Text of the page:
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A simple model of orbital motion under a central force can be constructed by considering the motion of a disk D sliding with no friction over a horizontal surface while connected to a fixed point O by a linear elastic cord of constant k and unstretched length { L }_{ 0 }. Let the mass of D be m = 0.45 kg and { L }_{ 0 } = 1 m. Suppose that when D is at its maximum distance from O, this distance is { r }_{ 0 } = 1.75m and the corresponding speed of D is { \upsilon }_{ 0 } = 4m/s. Determine the elastic cord constant k such that the minimum distance between D and O is equal to the unstretched length { L }_{ 0 }.

Step-by-step

The FBD to the right implies that the angular momentum of D about O in the z direction is conserved, i.e.,

{ ({ h }_{ Oz }) }_{ 1 }={ ({ h }_{ Oz }) }_{ 2 }     (1)

where the subscripts 1 and 2 denote the instants in which D achieves the maximum and minimum distance from O, respectively. Also,

{ \overrightarrow { h } }_{ O }=\overrightarrow { r } \times m\overrightarrow { \upsilon } =r{ \widehat { u } }_{ r }\times m({ \upsilon }_{ r }{ \widehat { u } }_{ r }+{ \upsilon }_{ \theta }{ \widehat { u } }_{ \theta })mr{ \upsilon }_{ \theta }\widehat { k }     (2)

When D is at the maximum or minimum distance from O, { \upsilon }_{ r } is equal to zero (i.e., D is no longer increasing or decreasing its distance from O). Hence, given that { \upsilon }_{ \theta } > 0, we have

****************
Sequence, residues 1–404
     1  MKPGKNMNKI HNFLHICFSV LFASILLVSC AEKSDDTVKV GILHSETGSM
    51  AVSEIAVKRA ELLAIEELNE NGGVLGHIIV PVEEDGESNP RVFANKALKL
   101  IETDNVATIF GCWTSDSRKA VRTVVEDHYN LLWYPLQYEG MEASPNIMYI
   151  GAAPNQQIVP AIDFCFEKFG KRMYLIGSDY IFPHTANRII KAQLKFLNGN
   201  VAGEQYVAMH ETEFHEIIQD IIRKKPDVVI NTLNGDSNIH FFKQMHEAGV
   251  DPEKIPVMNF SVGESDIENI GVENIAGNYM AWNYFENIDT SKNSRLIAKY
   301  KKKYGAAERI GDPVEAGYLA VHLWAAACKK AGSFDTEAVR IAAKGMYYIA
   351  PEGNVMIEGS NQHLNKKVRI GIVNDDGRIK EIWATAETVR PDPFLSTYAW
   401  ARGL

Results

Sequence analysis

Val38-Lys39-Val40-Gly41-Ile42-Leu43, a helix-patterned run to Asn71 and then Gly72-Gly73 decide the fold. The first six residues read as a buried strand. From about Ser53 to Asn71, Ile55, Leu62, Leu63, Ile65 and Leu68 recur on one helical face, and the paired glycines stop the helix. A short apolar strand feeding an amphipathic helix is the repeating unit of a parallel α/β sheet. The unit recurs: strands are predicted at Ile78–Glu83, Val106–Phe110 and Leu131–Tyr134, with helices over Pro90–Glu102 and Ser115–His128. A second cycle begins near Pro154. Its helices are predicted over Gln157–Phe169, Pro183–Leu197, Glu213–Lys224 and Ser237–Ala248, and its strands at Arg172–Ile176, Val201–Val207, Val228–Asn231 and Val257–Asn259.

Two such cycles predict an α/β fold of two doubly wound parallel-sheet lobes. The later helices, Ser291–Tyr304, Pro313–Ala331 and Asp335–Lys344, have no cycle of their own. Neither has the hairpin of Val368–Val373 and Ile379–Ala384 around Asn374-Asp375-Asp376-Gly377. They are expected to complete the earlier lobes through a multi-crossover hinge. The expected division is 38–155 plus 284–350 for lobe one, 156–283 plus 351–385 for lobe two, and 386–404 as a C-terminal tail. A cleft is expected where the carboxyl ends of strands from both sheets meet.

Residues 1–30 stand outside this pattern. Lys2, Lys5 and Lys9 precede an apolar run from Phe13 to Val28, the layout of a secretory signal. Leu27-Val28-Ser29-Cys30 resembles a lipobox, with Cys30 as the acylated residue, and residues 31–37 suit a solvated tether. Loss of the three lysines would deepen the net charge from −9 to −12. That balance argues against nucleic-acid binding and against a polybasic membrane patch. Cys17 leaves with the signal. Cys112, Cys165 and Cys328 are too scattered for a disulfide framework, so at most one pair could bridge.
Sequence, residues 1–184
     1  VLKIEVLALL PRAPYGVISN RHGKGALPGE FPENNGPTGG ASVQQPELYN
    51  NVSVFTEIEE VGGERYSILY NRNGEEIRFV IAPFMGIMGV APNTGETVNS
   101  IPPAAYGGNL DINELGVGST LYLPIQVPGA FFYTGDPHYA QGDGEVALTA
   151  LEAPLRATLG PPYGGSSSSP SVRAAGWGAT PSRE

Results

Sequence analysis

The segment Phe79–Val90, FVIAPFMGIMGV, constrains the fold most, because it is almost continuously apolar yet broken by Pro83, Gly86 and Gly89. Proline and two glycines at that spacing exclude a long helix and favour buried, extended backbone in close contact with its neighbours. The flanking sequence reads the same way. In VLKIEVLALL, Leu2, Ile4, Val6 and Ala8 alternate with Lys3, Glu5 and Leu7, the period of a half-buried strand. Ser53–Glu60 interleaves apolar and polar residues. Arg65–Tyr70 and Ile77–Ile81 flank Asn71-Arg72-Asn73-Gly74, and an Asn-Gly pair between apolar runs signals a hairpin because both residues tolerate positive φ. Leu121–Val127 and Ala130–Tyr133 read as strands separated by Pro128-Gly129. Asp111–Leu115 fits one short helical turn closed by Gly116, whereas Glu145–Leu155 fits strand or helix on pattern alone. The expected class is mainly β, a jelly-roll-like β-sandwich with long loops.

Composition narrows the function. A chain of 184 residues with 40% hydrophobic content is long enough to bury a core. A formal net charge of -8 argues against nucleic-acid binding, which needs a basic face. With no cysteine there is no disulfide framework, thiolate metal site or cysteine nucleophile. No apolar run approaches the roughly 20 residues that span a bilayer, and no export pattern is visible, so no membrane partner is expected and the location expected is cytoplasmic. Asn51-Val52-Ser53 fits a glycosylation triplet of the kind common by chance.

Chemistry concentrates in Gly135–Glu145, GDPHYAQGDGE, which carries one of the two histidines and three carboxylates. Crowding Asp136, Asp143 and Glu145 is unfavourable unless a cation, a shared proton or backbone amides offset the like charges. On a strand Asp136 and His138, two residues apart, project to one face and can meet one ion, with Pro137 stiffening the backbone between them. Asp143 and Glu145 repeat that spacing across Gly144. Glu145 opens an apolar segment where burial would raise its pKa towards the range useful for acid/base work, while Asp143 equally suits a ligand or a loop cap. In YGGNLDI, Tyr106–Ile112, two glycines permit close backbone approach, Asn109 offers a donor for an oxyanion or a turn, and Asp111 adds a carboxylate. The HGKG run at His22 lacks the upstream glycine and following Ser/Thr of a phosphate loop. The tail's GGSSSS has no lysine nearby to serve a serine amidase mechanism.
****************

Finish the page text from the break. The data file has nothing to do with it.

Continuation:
{ ({ h }_{ Oz }) }_{ 1 }=m{ r }_{ 1 }{ \upsilon }_{ 1 }=m{ r }_{ 0 }{ \upsilon }_{ 0 }\quad and\quad { ({ h }_{ Oz }) }_{ 2 }=m{ r }_{ 2 }{ \upsilon }_{ 2 }=m{ L }_{ 0 }{ \upsilon }_{ 2 }     (3)

where { \upsilon }_{ 1 } and { \upsilon }_{ 2 }[/latex] are the speeds of D at the instants 1 and 2, respectively, and where we have enforced the fact that { r }_{ 2 } = { L }_{ 0 }. Substituting Eqs. (3) into Eq. (1) and solving for { \upsilon }_{ 2 } we have

{ \upsilon }_{ 2 }=({ { r }_{ 0 } }/{ { L }_{ 0 } }){ \upsilon }_{ 0 }     (4)

Since the only force doing work on D is the force { F }_{ c }due to due to the elastic cord, applying the work-energy principle, we have

T1 C V1 = T2 C V2     (5)

where

{ T }_{ 1 }=\frac { 1 }{ 2 } m{ \upsilon }_{ 0 }^{ 2 },{ V }_{ 1 }=\frac { 1 }{ 2 } k{ ({ r }_{ 0 }-{ L }_{ 0 }) }^{ 2 },{ T }_{ 2 }=\frac { 1 }{ 2 } m{ ({ r }_{ 0 }-{ L }_{ 0 }) }{ \upsilon }_{ 0 }^{ 2 },{ V }_{ 2 }=0     (6)

where we have accounted for the fact that at { r }_{ 2 }={ L }_{ 0 } and the elastic cord is unstretched. Substituting Eq. (6) into Eq. (5) we have

{ T }_{ 2 }=\frac { 1 }{ 2 } m{ \upsilon }_{ 0 }^{ 2 }+\frac { 1 }{ 2 } { ({ r }_{ 0 }-{ L }_{ 0 }) }^{ 2 }{ \upsilon }_{ 0 }^{ 2 }\quad     (7)

where k is the elastic spring constant of the elastic cord. Solving Eq. (7) for k we have

k=\frac { m{ ({ r }_{ 0 }+{ L }_{ 0 }) }^{ 2 }{ \upsilon }_{ 0 }^{ 2 } }{ { { L }_{ 0 }^{ 2 }({ r }_{ 0 }-{ L }_{ 0 }) } }=26.4N/m

where we have used the following numerical data: m = 04.5 kg, { { r }_{ 0 } } = 1.75 m, { L }_{ 0 } = 1 m, and { \upsilon }_{ 0 } = 4m/s.

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